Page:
Measuring Domestic Violence: A New Approach

Last registered on January 22, 2018


Trial Information

General Information

Measuring Domestic Violence: A New Approach
Initial registration date
September 29, 2014

Initial registration date is when the trial was registered.

It corresponds to when the registration was submitted to the Registry to be reviewed for publication.

First published
September 29, 2014, 8:41 PM EDT

First published corresponds to when the trial was first made public on the Registry after being reviewed.

Last updated
January 22, 2018, 6:07 PM EST

Last updated is the most recent time when changes to the trial's registration were published.



Primary Investigator

University of Connecticut

Other Primary Investigator(s)

PI Affiliation
Inter-American Development Bank

Additional Trial Information

Start date
End date
Secondary IDs
The project designed and implemented list experiments to measure the incidence of intimate partner violence among women in Peru.
External Link(s)

Registration Citation

Aguero, Jorge and Veronica Frisancho. 2018. "Measuring Domestic Violence: A New Approach." AEA RCT Registry. January 22.
Former Citation
Aguero, Jorge and Veronica Frisancho. 2018. "Measuring Domestic Violence: A New Approach." AEA RCT Registry. January 22.
Sponsors & Partners

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Experimental Details


Domestic violence is a sensitive topic and as such we will find reticent respondents, i.e., those who give false answers with a nonzero probability when an honest answer could reveal that the person has committed or been exposed to a sensitive act. We compare the protocols used by the Peruvian Demographic and Health Survey (DHS) against a new design. The DHS is a nationally representative survey that includes a module to measure domestic violence and has been used in Peru for the past 14 years. Thus, by relying on the DHS methods and questions we will be able to frame our findings relative to well-established measures of violence nationwide. Our alternative method tries to capture violence against women in an innovative way, called list experiments, that is sometimes used in political science (Blair and Imai 2012). In list experiments subjects are provided with a list of statements and asked to answer how many of them are true. Subjects are not asked about which ones are true and therefore, list experiments could provide a more private environment to answer questions on sensitive topics more honesty. In this setting, the control group receives a list of innocuos statements (e.g., "I had breakfast this morning"). The treatment group is read the same list plus one additional sensitive question. In our case, this additional question is about domestic violence (e.g.,"My partner pushed me in the past 12 months"). The mean difference in the response between treatment and control is an estimate of the incidence of the sensitive question.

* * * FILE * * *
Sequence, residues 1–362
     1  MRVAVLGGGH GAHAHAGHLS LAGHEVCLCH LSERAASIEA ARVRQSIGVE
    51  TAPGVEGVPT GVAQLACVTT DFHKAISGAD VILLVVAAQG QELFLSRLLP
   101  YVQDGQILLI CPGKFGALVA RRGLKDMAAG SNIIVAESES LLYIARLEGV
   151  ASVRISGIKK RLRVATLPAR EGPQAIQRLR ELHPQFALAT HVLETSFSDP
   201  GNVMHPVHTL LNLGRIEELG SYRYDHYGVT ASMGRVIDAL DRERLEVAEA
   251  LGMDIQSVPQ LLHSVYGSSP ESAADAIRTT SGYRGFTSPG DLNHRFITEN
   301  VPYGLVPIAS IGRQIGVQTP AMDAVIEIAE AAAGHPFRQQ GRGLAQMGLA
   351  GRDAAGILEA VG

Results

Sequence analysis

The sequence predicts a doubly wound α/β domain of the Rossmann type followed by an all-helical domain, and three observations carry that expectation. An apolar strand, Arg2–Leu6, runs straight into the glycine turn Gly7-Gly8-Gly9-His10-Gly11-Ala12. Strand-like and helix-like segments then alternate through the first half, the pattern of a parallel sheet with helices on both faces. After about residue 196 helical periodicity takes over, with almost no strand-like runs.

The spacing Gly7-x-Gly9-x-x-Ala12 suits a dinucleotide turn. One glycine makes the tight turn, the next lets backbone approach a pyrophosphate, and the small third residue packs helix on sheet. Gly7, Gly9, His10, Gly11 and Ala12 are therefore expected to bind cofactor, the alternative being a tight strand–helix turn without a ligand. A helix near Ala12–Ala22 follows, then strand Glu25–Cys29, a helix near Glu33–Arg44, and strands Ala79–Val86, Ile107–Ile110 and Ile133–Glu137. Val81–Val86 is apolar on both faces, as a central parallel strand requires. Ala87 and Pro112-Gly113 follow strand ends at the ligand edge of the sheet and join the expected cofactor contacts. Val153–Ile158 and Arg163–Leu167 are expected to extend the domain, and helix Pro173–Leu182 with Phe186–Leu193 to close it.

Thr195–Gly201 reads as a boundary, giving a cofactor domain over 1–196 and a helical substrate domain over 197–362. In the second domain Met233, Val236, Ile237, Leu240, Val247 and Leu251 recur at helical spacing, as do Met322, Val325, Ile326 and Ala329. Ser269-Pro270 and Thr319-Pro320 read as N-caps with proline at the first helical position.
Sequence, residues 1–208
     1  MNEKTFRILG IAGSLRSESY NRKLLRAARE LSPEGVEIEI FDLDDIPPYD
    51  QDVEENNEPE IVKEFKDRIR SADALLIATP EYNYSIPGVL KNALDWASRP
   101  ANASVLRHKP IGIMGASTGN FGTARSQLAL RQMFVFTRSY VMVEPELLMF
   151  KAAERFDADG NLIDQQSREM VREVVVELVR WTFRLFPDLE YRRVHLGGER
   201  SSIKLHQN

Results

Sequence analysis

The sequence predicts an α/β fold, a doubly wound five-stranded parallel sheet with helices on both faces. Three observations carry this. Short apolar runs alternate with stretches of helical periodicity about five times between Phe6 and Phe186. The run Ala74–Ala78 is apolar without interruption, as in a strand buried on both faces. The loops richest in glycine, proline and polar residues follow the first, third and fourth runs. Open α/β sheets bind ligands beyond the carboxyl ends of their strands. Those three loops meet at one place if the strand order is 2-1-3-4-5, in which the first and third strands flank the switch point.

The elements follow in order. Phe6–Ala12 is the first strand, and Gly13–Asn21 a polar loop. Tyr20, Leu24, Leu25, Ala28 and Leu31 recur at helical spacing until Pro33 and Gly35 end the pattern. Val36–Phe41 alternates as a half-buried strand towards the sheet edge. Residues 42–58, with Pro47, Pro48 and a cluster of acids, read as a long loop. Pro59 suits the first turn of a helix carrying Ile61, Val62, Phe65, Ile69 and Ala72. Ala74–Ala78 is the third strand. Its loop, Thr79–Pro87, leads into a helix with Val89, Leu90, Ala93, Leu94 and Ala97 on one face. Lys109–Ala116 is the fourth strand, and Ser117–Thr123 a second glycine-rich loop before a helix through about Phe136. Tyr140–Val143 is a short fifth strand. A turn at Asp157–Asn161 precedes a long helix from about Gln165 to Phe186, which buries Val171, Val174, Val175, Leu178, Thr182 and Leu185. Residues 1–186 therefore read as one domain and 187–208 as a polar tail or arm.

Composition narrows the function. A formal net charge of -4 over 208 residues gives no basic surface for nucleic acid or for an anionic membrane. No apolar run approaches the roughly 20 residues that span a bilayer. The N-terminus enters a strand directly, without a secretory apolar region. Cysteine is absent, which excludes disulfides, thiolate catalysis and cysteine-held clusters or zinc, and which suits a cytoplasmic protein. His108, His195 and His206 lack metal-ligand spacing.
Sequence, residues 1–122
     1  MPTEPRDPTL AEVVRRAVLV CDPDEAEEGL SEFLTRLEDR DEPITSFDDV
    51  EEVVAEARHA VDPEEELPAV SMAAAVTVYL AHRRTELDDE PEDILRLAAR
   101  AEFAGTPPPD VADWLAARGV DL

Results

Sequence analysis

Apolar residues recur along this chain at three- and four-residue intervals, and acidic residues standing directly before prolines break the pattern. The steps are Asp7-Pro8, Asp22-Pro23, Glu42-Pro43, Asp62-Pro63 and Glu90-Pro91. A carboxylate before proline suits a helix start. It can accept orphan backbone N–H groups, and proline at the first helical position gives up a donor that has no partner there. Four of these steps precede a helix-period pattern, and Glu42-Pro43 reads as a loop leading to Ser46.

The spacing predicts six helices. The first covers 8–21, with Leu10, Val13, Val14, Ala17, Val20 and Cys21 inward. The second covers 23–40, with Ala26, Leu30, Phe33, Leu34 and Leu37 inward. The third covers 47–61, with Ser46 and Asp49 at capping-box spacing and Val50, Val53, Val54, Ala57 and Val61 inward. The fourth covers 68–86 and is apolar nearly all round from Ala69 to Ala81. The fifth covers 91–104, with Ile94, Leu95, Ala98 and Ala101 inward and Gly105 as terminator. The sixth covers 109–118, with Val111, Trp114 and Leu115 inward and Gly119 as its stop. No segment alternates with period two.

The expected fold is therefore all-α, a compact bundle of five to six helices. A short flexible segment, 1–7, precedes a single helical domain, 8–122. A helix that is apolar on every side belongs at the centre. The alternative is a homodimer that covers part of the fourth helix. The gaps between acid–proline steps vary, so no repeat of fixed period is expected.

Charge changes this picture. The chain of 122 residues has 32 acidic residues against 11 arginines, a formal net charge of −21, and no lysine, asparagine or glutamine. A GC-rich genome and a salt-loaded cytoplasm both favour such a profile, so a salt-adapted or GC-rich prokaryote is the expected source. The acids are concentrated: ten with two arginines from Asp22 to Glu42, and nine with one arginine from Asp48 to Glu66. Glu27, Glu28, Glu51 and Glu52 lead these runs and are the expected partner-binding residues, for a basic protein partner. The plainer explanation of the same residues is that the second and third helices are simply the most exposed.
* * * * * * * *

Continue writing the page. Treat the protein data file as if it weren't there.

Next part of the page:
Intervention Start Date
Intervention End Date

Primary Outcomes

Primary Outcomes (end points)
We will compare the incidence of domestic violence as measured by the DHS-style questions against the ones obtained from the list experiments. We will also explore whether the gradients of violence by socioeconomic status are similar under both types of measurement.
Primary Outcomes (explanation)

Secondary Outcomes

Secondary Outcomes (end points)
Secondary Outcomes (explanation)

Experimental Design

Experimental Design
We randomly assigned bank clients to two arms. In the first arm, the control group, women were asked about four sets of statements without the sensitive questions. The sets contained 5 questions each. In the second arm, the treatment group, the sets had one extra question. These additional (and sensitive) questions were about sexual and physical violence. As described above, the participants answered how many statements were true and not which were true. To measure the incidence of violence in the control group, we use a DHS-style set of questions.
Experimental Design Details
Randomization Method